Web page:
a Compensation, which shall neither be encreased nor diminished during
the Period for which he shall have been elected, and he shall not receive
within that Period any other Emolument from the United States, or any of them.

Before he enter on the Execution of his Office, he shall take the
following Oath or Affirmation:--"I do solemnly swear (or affirm) that
I will faithfully execute the Office of President of the United States,
and will to the best of my Ability, preserve, protect and defend the
Constitution of the United States."

Section 2.  The President shall be Commander in Chief of the Army
and Navy of the United States, and of the Militia of the several States,
when called into the actual Service of the United States;
he may require the Opinion, in writing, of the principal Officer
in each of the executive Departments, upon any Subject relating to
the Duties of their respective Offices, and he shall have Power
to grant Reprieves and Pardons for Offenses against the United States,
except in Cases of impeachment.

He shall have Power, by and with the Advice and Consent of the
Senate, to make Treaties, provided two thirds of the Senators
present concur; and he shall nominate, and by and with the Advice
and Consent of the Senate, shall appoint Ambassadors, other public
Ministers and Consuls, Judges of the supreme Court, and all other
Officers of the United States, whose Appointments are not herein
otherwise provided for, and which shall be established by Law:
but the Congress may by Law vest the Appointment of such inferior Officers,
as they think proper, in the President alone, in the Courts of Law,
or in the Heads of Departments.

The President shall have Power to fill up all Vacancies that may happen
during the Recess of the Senate, by granting Commissions which shall
expire at the End of their next session.

Section 3.  He shall from time to time give to the Congress
Information of the State of the Union, and recommend to their
Consideration such Measures as he shall judge necessary and expedient;
he may, on extraordinary Occasions, convene both Houses, or either
of them, and in Case of Disagreement between them, with Respect to
the Time of Adjournment, he may adjourn them to such Time as he shall
think proper; he shall receive Ambassadors and other public Ministers;
he shall take Care that the Laws be faithfully executed, and shall
Commission all the Officers of the United States.

Section 4.  The President, Vice President and all civil Officers of the
United States, shall be removed from Office on Impeachment for,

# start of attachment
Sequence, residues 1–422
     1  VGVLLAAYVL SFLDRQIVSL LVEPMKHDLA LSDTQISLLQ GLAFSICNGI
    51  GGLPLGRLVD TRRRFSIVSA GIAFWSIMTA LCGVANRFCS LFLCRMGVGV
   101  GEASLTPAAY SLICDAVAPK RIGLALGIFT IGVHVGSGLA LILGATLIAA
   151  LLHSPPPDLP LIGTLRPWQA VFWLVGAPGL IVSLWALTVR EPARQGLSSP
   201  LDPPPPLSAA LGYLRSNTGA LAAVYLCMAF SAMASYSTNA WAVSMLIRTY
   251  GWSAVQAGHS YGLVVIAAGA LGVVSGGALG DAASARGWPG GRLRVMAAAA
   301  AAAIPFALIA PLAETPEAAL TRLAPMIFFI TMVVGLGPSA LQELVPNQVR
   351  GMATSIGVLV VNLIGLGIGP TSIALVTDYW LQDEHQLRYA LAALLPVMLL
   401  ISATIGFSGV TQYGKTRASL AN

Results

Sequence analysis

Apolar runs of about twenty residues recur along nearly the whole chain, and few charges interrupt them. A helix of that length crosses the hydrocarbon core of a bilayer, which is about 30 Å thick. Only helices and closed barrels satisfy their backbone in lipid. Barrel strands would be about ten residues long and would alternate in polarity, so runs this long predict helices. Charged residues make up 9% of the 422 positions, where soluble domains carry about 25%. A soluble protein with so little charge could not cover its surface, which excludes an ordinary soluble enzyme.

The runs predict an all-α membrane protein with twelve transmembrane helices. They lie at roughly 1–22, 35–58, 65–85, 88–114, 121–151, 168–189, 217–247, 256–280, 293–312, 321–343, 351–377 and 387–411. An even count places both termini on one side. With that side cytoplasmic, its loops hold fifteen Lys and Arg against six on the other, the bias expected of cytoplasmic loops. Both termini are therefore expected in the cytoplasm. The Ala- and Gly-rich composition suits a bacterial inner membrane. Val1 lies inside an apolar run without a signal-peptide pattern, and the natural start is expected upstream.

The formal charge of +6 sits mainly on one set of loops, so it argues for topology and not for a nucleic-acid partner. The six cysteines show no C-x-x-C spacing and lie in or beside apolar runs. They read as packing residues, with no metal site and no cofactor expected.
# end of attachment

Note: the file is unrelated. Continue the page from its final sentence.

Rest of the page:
and Conviction of, Treason, Bribery, or other high Crimes and Misdemeanors.


Section 1.  The judicial Power of the United States, shall be vested
in one supreme Court, and in such inferior Courts as the Congress may
from time to time ordain and establish.  The Judges, both of the supreme
and inferior Courts, shall hold their Offices during good behavior,
and shall, at stated Times, receive for their Services, a Compensation,
which shall not be diminished during their Continuance in Office.

Section 2.  The judicial Power shall extend to all Cases, in Law and Equity,
arising under this Constitution, the Laws of the United States, and Treaties
made, or which shall be made, under their Authority;--to all Cases affecting
Ambassadors, other public Ministers and Consuls;--to all Cases of admiralty
and maritime Jurisdiction;--to Controversies to which the United States
shall be a Party;--to Controversies between two or more States;--between a
State and Citizens of another State;--between Citizens of different States;
--between Citizens of the same State claiming Lands under Grants of
different States, and between a State, or the Citizens thereof,
and foreign States, Citizens or Subjects.

In all cases affecting Ambassadors, other public Ministers and Consuls,
and those in which a State shall be Party, the supreme Court shall have
original Jurisdiction.  In all the other Cases before mentioned, the
supreme Court shall have appellate Jurisdiction, both as to Law and Fact,
with such Exceptions, and under such Regulations as the Congress shall make.

The Trial of all Crimes, except in Cases of Impeachment, shall be by Jury;
and such Trial shall be held in the State where the said Crimes shall
have been committed; but when not committed within any State, the Trial